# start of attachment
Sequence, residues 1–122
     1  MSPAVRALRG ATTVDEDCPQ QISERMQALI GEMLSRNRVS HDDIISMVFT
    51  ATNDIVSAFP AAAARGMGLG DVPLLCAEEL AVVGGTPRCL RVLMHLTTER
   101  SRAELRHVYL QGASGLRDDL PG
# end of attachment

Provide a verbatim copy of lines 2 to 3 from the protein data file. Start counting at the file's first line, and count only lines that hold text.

     1  MSPAVRALRG ATTVDEDCPQ QISERMQALI GEMLSRNRVS HDDIISMVFT
    51  ATNDIVSAFP AAAARGMGLG DVPLLCAEEL AVVGGTPRCL RVLMHLTTER